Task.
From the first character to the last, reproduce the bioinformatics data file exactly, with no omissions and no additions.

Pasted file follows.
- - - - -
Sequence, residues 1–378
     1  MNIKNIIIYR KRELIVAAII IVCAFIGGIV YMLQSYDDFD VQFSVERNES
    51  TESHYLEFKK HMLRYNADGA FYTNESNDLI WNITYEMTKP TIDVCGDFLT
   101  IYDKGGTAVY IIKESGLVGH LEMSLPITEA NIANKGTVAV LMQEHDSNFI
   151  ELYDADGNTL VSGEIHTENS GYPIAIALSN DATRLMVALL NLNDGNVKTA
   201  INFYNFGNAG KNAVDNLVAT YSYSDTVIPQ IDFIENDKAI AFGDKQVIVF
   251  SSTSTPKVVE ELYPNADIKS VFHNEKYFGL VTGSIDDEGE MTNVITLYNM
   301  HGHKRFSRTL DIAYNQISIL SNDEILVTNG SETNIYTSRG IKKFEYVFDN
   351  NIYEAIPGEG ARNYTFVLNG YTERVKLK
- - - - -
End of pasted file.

Sequence, residues 1–378
     1  MNIKNIIIYR KRELIVAAII IVCAFIGGIV YMLQSYDDFD VQFSVERNES
    51  TESHYLEFKK HMLRYNADGA FYTNESNDLI WNITYEMTKP TIDVCGDFLT
   101  IYDKGGTAVY IIKESGLVGH LEMSLPITEA NIANKGTVAV LMQEHDSNFI
   151  ELYDADGNTL VSGEIHTENS GYPIAIALSN DATRLMVALL NLNDGNVKTA
   201  INFYNFGNAG KNAVDNLVAT YSYSDTVIPQ IDFIENDKAI AFGDKQVIVF
   251  SSTSTPKVVE ELYPNADIKS VFHNEKYFGL VTGSIDDEGE MTNVITLYNM
   301  HGHKRFSRTL DIAYNQISIL SNDEILVTNG SETNIYTSRG IKKFEYVFDN
   351  NIYEAIPGEG ARNYTFVLNG YTERVKLK